Thursday, August 9, 2012

Fly Fishing Under the Big Sky

I recently returned from my third annual trip to western Montana for a week of fly fishing under blue skies and mountains.  Being a relative newcomer to this sport, the first couple trips out West were great learning experiences for me.  Fishing at least eight hours each day for a week straight caused me to pick up some good habits and fed my addiction to become an all around good fly fisher.  These extended trips also allowed me to absorb as much fishing knowledge as I could possibly retain since I was spending lengthy time on the water with very experienced partners. I think my casting, ability to read water, and overall knowledge of fly fishing improved tenfold on each trip to Montana.

My latest trip to Big Sky Country was the most rewarding so far because I was able to see how far I've come as a fly fisher over the past couple seasons.  I'm much more independent than I was two years ago, and I'm more confident in choosing my flies and my water.  I can now get my fly where it needs to go.

And I catch more trout.

Though there may be some big changes coming to my life over the next couple years, I hope to keep fly fishing as one of my central pillars of happiness.  It fills a void that had begun to develop in my late-twenties when old hobbies and friendships started to wane.

In the end, I fly fish for the challenges it presents.

I fly fish for the beauty that surrounds it.

I fly fish for the unending learning that comes with the sport.

I fly fish for the friendships it creates.

I fly fish for the connection to nature it encourages.

I fly fish for the way it silences everything but the rushing water and the line through the air.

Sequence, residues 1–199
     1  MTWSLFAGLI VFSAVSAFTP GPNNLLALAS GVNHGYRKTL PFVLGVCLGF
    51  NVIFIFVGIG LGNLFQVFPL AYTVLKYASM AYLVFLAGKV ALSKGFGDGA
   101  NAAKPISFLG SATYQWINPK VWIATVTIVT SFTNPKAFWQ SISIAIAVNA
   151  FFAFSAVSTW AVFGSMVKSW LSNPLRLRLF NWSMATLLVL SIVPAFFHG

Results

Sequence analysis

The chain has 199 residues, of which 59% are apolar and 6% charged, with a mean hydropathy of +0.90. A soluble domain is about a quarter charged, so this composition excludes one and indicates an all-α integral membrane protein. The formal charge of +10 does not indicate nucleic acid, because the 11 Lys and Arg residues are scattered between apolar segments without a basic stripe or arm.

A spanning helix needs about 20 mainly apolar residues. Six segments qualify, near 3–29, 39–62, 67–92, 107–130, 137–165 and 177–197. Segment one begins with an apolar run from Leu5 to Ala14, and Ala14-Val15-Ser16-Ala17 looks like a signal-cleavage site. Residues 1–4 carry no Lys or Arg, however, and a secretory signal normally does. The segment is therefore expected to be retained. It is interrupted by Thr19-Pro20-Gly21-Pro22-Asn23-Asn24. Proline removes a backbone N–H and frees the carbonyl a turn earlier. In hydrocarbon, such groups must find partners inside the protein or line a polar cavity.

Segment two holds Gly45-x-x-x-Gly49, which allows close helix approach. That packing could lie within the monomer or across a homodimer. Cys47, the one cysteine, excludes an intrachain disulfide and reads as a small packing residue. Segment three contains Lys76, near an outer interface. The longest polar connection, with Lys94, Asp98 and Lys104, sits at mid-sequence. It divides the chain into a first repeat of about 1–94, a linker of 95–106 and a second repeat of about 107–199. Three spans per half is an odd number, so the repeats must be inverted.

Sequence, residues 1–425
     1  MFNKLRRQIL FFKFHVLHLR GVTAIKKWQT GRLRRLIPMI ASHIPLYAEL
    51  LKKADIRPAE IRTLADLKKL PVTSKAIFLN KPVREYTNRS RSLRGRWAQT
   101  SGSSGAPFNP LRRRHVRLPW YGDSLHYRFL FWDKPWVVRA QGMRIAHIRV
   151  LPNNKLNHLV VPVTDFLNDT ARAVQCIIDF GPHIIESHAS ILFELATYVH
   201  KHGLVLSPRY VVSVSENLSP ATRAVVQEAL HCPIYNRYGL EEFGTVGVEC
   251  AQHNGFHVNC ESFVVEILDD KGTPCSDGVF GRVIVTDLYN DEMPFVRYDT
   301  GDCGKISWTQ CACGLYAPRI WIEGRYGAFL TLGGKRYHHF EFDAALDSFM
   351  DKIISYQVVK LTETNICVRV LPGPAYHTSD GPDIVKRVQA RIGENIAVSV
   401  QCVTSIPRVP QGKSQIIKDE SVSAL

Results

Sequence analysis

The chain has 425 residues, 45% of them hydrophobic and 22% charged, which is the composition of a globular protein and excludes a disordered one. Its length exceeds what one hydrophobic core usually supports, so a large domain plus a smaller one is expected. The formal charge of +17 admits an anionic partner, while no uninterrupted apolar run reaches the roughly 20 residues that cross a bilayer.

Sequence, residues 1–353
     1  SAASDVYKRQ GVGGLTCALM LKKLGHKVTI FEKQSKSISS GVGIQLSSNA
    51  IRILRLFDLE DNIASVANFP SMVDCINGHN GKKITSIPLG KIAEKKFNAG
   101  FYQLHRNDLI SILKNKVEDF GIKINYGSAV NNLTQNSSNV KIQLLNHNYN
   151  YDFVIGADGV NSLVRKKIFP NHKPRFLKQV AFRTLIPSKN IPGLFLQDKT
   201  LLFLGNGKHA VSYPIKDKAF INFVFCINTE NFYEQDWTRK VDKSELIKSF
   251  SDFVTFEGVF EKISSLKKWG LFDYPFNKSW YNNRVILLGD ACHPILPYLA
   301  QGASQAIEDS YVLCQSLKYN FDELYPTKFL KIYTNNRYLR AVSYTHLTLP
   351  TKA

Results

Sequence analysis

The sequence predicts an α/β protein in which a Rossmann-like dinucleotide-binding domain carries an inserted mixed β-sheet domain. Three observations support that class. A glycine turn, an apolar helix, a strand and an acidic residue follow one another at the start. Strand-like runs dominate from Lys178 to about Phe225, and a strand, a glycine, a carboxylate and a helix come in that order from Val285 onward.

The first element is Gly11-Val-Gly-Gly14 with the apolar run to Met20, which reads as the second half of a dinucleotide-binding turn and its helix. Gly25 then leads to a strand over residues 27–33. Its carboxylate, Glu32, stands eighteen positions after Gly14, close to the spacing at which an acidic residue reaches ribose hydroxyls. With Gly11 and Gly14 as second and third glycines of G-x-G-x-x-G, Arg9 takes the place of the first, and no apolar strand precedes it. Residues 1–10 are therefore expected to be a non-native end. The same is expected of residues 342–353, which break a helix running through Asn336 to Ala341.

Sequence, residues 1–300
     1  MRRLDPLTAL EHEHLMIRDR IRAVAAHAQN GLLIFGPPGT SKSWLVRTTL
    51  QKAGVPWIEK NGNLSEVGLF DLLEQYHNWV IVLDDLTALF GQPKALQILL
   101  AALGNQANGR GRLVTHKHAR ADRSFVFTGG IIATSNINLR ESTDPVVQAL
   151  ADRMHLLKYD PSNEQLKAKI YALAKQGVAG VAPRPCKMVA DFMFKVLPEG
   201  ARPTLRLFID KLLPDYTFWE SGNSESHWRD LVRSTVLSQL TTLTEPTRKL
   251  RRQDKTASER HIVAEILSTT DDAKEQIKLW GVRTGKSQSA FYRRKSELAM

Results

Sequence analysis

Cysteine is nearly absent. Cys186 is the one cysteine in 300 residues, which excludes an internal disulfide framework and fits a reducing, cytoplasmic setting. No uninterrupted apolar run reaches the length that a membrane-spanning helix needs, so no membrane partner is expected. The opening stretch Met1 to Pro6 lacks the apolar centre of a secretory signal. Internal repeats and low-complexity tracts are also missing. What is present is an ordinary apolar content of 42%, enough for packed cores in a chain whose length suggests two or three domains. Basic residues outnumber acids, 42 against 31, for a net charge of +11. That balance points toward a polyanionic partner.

I fly fish because it makes me happy and content.


  1. "I fly fish for the connection to nature it encourages." -- a lot of people seem to overlook that part, in favor of big fish. Beautiful post...of an awesome trip. That stonefly pic is sweet!

    1. Thanks. Strangely, I started fly fishing not to catch fish but to experience everything else that came with the sport. I'm not saying I don't enjoy catching "the big ones," but I definitely enjoy even the slowest days on the water. I luckily fish with like-minded people who have similar appreciation for the non-catching aspects of fly fishing.

  2. We are all looking for something to keep us connected...and it appears you have found something worthwhile.

    such awesome images, looks like a great tradition you have started.


    1. The tradition had begun long before I joined up, and I count myself very lucky to have been invited along. As for the images, the landscape out there is pretty photogenic:)

  3. Great post Angie...
    The one thing you'll always notice about usually happens in beautiful places. That's one of the reasons I love it...

    1. Ditto. "Trout don't live in ugly places." Hopefully I'll see you on the water soon.